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Int J Obes (Lond). 2019 Jul 10. doi: 10.1038/s41366-019-0410-4. [Epub ahead of print]

One-year postpartum anthropometric outcomes in mothers and children in the LIFE-Moms lifestyle intervention clinical trials.

Author information

1
Department of Kinesiology & Public Health, California Polytechnic State University, San Luis Obispo, CA, USA. sphelan@calpoly.edu.
2
The Biostatistics Center, George Washington University, Washington, DC, USA.
3
Center for Diabetes Translation Research, Washington University in St. Louis, St. Louis, MO, USA.
4
Pennington Biomedical Research Center, Baton Rouge, LA, USA.
5
Department of Preventive Medicine, Northwestern University, Feinberg School of Medicine, Chicago, IL, USA.
6
The National Institute of Diabetes and Digestive and Kidney Diseases, Bethesda, MD, USA.
7
Center for Clinical Research and Health Promotion, School of Dental Medicine, Medical Sciences Campus, University of Puerto Rico, San Juan, Puerto Rico.
8
Department of Epidemiology, Harvard T.H. Chan School of Public Health, Harvard University, Boston, MA, USA.
9
Phoenix Indian Medical Center, Indian Health Service, Phoenix, AZ, USA.
10
The National Heart, Lung, and Blood Institute, Bethesda, MD, USA.
11
Department of Obstetrics and Gynecology, Washington University in St. Louis, St. Louis, MO, USA.
12
Department of Nutrition, Harvard T.H. Chan Public Health School, Harvard University, Boston, MA, USA.
13
Department of Clinical Sciences, Genetic and Molecular Epidemiology Unit Lund University Diabetes Centre, Skåne University Hospital Malmö, Malmö, Sweden.
14
New York Obesity Research Center, Dept. of Medicine, College of Physicians and Surgeons, Columbia University, New York, NY, USA.
15
Institute of Human Nutrition, College of Physicians and Surgeons, Columbia University, New York, NY, USA.
16
Department of Pediatrics, Northwestern University, Feinberg School of Medicine, Chicago, IL, USA.
17
Center for Human Nutrition, Washington University in St. Louis, St. Louis, MO, USA.
18
Diabetes Epidemiology and Clinical Research Section, National Institute of Diabetes and Digestive and Kidney Diseases, Phoenix, AZ, USA.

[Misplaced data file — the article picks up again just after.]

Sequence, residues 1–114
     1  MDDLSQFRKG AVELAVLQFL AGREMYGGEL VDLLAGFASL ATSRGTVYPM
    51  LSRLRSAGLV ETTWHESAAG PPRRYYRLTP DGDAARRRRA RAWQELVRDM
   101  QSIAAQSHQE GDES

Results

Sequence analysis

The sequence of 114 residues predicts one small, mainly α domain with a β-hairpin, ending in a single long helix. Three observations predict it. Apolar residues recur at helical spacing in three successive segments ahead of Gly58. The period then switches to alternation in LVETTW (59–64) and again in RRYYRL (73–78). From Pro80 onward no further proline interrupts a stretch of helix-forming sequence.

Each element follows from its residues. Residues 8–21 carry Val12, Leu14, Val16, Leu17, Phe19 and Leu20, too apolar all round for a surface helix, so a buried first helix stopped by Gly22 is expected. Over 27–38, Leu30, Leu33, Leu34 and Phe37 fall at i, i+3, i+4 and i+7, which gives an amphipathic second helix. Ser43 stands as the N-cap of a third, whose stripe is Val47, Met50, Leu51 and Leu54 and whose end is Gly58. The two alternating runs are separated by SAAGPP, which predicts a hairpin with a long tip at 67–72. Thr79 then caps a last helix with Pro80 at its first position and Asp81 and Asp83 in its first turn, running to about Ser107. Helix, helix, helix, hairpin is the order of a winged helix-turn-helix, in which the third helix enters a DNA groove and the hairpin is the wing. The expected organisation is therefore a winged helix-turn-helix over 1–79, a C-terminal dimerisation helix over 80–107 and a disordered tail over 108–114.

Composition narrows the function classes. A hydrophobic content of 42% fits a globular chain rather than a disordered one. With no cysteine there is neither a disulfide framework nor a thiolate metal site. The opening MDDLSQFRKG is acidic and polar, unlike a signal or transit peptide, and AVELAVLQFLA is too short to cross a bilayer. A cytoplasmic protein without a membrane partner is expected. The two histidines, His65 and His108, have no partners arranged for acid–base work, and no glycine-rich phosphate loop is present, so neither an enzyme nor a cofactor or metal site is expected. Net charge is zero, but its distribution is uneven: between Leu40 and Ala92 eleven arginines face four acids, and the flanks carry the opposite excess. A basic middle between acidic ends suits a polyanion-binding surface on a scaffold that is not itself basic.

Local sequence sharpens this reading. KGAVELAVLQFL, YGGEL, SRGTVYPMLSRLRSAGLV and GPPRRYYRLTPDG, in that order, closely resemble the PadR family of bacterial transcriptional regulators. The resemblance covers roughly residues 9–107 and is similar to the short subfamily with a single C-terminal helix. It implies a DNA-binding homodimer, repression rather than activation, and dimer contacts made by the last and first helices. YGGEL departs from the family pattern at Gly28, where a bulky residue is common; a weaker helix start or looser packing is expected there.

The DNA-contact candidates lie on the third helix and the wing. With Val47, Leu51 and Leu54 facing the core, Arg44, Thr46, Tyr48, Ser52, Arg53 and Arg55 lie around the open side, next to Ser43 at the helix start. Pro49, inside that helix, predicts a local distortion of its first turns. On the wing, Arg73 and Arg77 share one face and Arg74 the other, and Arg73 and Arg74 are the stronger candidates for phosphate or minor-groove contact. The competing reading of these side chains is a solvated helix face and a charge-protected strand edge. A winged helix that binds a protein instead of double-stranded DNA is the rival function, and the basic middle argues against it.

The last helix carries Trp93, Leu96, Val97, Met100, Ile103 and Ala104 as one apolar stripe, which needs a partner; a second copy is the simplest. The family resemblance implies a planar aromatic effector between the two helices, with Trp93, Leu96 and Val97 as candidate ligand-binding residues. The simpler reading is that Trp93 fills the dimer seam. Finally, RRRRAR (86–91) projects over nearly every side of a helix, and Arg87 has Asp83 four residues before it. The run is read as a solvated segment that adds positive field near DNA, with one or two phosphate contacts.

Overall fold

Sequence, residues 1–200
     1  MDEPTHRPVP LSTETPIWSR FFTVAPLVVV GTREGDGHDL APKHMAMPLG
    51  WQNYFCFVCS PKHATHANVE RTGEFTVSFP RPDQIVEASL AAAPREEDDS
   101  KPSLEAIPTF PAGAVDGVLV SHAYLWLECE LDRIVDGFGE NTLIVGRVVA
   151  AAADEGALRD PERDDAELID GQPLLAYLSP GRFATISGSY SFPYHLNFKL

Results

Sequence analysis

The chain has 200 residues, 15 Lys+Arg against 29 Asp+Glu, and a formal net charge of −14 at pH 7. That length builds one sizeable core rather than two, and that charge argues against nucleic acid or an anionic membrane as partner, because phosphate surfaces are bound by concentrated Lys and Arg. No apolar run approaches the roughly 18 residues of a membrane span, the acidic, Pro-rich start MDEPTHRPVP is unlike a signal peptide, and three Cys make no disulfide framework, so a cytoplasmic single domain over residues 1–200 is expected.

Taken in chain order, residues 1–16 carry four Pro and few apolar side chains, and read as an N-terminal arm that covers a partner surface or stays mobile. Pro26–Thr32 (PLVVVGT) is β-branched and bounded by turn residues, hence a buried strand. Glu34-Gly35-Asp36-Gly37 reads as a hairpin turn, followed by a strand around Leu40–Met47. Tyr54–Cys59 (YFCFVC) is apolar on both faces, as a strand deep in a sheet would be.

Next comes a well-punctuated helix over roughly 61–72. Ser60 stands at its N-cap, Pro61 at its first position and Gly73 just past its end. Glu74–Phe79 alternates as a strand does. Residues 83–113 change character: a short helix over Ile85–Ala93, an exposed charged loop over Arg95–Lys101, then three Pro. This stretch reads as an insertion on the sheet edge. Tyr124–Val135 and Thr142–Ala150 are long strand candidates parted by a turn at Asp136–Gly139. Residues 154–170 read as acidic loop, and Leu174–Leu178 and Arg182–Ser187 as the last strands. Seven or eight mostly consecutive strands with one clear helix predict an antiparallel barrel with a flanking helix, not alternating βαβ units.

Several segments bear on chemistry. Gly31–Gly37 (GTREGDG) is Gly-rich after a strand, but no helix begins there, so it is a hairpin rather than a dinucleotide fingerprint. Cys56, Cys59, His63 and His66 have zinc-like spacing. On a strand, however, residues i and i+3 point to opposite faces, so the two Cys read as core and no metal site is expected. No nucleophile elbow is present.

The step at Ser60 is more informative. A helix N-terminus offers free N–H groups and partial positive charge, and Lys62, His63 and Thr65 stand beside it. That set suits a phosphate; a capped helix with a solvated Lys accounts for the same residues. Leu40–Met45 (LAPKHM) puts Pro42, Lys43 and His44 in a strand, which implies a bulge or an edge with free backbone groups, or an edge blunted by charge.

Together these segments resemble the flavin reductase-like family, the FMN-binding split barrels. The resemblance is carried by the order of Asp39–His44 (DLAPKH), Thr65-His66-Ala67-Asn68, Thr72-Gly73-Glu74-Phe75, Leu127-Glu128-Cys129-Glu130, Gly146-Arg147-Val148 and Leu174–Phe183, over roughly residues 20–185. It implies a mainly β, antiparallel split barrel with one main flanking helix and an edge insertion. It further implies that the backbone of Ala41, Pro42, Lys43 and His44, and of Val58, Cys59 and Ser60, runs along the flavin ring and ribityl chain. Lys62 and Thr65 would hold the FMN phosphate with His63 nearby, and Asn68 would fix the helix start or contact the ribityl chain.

19
Department of Obstetrics and Gynecology, Northwestern University, Feinberg School of Medicine, Chicago, IL, USA.
20
The Miriam Hospital and the Department of Psychiatry and Human Behavior, Warren Alpert Medical School at Brown University, Providence, RI, USA.

Abstract

BACKGROUND/OBJECTIVES:

Excess gestational weight gain (GWG) is a risk factor for maternal postpartum weight retention and excessive neonatal adiposity, especially in women with overweight or obesity. Whether lifestyle interventions to reduce excess GWG also reduce 12-month maternal postpartum weight retention and infant weight-for-length z score is unknown. Randomized controlled trials from the LIFE-Moms consortium investigated lifestyle interventions that began in pregnancy and tested whether there was benefit through 12 months on maternal postpartum weight retention (i.e., the difference in weight from early pregnancy to 12 months) and infant-weight-for-length z scores.

SUBJECTS/METHODS:

In LIFE-Moms, women (N = 1150; 14.1 weeks gestation at enrollment) with overweight or obesity were randomized within each of seven trials to lifestyle intervention or standard care. Individual participant data were combined and analyzed using generalized linear mixed models with trial entered as a random effect. The 12-month assessment was completed by 83% (959/1150) of women and 84% (961/1150) of infants.

RESULTS:

Compared with standard care, lifestyle intervention reduced postpartum weight retention (2.2 ± 7.0 vs. 0.7 ± 6.2 kg, respectively; difference of -1.6 kg (95% CI -2.5, -0.7; p = 0.0003); the intervention effect was mediated by reduction in excess GWG, which explained 22% of the effect on postpartum weight retention. Lifestyle intervention also significantly increased the odds (OR = 1.68 (95% CI, 1.26, 2.24)) and percentage of mothers (48.2% vs. 36.2%) at or below baseline weight at 12 months postpartum (yes/no) compared with standard care. There was no statistically significant treatment group effect on infant anthropometric outcomes at 12 months.

CONCLUSIONS:

Compared with standard care, lifestyle interventions initiated in pregnancy and focused on healthy eating, increased physical activity, and other behavioral strategies resulted in significantly less weight retention but similar infant anthropometric outcomes at 12 months postpartum in a large, diverse US population of women with overweight and obesity.

PMID:
31292531
DOI:
10.1038/s41366-019-0410-4

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